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Food security

Afghanistan faces the world’s worst humanitarian crisis

by Jörg Döbereiner

In brief

Afghanistan is on the brink of the world’s worst humanitarian catastrophe, the UN’s World Food Programme (WFP) warns. According to the WFP, the country’s food crisis currently looks worse than what is happening in Ethiopia, South Sudan, Syria and Yemen.

This alarming assessment is based on the Integrated Food Security Phase Classification (IPC) report. It was issued in October in a joint effort of the WFP and the UN Food and Agriculture Organization (FAO).

The authors state that in September and October 2021, nearly 19 million people in Afghanistan experienced high levels of acute food insecurity. They expect this number to rise to 22.8 million in the months November 2021 to March 2022. More than half of the country’s people thus face hunger – including 3.2 million children under five, many of whom will suffer acute malnutrition by the end of this year. People all over the country are affected, including in urban areas.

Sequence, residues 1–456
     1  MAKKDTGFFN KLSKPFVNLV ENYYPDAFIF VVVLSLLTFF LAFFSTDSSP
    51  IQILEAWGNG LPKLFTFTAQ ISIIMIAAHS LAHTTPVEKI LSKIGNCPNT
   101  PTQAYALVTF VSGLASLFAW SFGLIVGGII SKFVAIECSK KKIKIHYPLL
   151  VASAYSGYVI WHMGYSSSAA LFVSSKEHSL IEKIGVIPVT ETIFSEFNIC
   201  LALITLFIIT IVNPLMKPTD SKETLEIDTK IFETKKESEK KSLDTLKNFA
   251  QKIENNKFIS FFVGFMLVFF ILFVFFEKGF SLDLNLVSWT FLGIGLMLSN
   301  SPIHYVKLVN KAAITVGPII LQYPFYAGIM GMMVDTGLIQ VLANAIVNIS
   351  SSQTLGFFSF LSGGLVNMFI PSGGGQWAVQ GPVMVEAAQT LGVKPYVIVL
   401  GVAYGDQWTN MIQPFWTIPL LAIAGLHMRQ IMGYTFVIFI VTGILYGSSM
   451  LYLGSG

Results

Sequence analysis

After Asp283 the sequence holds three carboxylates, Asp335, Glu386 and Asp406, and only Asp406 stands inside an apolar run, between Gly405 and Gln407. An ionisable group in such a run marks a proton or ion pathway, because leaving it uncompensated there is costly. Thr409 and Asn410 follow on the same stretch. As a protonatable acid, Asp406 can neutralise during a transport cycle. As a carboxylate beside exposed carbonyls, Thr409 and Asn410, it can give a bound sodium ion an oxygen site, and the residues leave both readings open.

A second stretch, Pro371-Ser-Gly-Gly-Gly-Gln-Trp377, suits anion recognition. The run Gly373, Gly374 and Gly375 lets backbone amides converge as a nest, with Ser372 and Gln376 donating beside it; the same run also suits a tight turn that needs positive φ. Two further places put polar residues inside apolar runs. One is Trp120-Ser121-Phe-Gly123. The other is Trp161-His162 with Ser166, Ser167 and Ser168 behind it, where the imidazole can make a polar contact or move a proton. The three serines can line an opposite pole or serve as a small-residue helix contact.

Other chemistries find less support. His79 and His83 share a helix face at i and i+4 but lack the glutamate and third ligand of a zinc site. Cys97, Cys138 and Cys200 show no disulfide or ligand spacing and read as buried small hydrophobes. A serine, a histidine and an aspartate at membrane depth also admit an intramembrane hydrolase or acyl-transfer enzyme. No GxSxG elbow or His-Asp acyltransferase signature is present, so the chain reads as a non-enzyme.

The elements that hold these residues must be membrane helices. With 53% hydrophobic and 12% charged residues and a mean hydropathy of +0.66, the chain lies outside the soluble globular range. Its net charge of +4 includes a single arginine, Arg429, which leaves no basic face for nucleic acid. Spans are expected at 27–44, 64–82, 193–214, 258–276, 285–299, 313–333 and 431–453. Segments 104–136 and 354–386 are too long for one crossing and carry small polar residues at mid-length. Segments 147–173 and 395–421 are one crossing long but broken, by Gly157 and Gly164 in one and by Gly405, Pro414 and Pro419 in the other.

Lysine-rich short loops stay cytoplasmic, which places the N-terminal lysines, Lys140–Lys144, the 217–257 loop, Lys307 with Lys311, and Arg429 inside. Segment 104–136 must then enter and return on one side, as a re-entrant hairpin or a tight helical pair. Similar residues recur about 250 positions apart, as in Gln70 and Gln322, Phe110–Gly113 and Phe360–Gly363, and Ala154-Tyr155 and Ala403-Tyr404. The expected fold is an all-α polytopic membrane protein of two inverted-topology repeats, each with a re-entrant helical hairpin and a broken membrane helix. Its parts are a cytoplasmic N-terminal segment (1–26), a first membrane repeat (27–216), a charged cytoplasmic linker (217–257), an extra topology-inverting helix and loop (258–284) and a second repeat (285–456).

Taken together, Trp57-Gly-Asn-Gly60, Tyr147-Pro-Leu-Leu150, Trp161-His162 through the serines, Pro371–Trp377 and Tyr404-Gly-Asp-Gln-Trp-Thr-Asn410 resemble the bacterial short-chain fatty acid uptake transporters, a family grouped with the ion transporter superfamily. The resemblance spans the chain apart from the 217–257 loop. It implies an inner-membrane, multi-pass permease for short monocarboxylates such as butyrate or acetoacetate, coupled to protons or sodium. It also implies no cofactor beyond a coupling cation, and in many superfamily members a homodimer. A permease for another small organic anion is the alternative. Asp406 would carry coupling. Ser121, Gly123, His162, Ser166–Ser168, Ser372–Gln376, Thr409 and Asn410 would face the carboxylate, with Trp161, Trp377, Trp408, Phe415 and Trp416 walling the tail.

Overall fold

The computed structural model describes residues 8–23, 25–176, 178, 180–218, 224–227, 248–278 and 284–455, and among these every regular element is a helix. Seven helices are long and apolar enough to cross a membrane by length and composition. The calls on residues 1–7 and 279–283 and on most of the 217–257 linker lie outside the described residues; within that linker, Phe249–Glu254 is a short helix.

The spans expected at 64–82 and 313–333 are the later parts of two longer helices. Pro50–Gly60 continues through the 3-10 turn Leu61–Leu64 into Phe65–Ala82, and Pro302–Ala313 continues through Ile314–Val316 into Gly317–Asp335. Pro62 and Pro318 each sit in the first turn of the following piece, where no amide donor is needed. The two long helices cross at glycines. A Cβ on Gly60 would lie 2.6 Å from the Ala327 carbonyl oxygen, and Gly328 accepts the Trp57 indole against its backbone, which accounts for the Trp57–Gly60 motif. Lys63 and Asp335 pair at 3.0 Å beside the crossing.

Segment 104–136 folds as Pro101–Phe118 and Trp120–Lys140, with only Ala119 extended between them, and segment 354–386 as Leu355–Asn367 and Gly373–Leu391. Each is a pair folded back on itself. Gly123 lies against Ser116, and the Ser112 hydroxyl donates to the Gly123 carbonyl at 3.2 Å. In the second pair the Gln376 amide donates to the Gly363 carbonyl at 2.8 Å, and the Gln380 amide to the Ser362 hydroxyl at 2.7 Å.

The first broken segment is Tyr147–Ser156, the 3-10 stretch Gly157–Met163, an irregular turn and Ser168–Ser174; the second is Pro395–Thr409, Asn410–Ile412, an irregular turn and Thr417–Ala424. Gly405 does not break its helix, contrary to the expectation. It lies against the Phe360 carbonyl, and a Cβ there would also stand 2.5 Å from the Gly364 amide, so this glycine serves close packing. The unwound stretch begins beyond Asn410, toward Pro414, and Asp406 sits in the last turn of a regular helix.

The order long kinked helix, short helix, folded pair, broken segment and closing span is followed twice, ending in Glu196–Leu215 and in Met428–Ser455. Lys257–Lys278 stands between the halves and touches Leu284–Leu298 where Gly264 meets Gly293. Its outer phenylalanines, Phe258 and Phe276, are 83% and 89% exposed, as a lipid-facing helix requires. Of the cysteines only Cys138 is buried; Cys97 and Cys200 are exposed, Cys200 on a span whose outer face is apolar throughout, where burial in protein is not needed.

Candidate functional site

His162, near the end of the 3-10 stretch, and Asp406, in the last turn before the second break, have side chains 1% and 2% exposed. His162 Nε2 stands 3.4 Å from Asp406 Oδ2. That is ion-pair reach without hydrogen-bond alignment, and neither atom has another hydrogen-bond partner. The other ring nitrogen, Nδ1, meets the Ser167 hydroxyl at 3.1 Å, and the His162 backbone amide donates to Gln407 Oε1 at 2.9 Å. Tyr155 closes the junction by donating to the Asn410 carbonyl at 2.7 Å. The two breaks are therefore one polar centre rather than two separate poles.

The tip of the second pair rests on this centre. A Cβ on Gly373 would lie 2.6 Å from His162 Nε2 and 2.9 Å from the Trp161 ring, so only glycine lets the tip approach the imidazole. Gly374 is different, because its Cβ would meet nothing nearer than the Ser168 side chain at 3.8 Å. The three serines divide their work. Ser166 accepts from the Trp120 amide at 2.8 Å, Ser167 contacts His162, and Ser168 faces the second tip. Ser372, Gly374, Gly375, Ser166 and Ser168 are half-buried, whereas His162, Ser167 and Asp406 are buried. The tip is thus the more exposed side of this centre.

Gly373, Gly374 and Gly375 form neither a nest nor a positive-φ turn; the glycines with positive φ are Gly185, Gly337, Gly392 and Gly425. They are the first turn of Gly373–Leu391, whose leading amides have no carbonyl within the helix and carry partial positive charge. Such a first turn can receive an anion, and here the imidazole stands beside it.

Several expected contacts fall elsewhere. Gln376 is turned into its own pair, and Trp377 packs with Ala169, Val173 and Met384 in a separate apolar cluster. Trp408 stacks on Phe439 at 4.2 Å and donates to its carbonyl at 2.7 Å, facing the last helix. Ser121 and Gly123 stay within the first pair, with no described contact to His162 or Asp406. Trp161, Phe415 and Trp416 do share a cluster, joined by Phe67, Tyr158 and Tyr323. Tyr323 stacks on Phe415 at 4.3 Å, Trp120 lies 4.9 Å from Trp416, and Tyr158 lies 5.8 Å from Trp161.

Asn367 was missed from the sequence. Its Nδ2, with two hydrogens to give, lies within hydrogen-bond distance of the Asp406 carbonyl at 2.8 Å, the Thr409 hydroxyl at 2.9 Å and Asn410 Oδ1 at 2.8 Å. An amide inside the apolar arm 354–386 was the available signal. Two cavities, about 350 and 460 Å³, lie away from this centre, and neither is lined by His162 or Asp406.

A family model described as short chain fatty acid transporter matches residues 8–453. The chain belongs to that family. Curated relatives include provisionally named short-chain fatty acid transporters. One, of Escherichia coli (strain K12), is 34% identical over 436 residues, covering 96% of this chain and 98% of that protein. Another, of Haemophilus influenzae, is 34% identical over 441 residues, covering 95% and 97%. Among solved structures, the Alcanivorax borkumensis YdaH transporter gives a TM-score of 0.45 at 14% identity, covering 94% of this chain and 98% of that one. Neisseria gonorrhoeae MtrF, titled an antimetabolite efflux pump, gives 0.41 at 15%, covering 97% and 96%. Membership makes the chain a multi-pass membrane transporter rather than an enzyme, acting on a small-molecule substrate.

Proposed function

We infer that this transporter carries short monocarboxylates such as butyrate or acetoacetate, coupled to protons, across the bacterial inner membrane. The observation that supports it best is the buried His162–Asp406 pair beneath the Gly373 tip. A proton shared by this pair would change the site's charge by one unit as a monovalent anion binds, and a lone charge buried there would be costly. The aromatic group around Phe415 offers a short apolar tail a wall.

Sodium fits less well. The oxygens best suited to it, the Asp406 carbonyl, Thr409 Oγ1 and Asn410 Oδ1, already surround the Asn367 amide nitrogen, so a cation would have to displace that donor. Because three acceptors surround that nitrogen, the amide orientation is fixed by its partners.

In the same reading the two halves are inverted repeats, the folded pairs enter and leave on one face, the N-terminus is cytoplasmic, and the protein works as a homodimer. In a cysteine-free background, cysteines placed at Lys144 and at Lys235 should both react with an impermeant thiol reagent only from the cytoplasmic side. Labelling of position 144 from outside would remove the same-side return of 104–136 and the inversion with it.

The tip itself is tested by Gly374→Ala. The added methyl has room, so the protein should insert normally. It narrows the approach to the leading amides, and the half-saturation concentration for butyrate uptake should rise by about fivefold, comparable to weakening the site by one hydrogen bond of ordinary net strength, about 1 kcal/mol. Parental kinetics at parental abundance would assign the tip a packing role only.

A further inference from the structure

Afghanistan has experienced two severe droughts in four years. The current impact on crops and livestock is significant. Food prices are rising fast. The country’s economy depended heavily on foreign aid before the Taliban seized power in Summer 2021, and things have been deteriorating since. Public services have collapsed, and so has the financial system. Unemployment is getting worse, and Covid-19 has exacerbated all other problems.

One year ago, Afghanistan already had 3.5 million internally displaced persons (IDP). They are a particularly vulnerable group. The UN reckons that at least 660,000 more people were displaced in the months January to September this year. (One of the many Afghans that fled their country is a journalist who currently lives in Cologne, Germany. Read his story on our D+C/E+Z platform)

The WFP has so far provided emergency aid to around four million Afghans in September and plans to feed nine million in December. It needs more funding, however, and is thus calling on the international community to scale up humanitarian assistance and to resume food trade with Afghanistan. WFP´s Executive Director David Beasley: “This winter, millions of Afghans will be forced to choose between migration and starvation unless we can step up our life-saving assistance, and unless the economy can be resuscitated.”

UN’s World Food Programme

Jörg Döbereiner is a member of the editorial team of D+C Development and Cooperation/E+Z Entwicklung und Zusammenarbeit.
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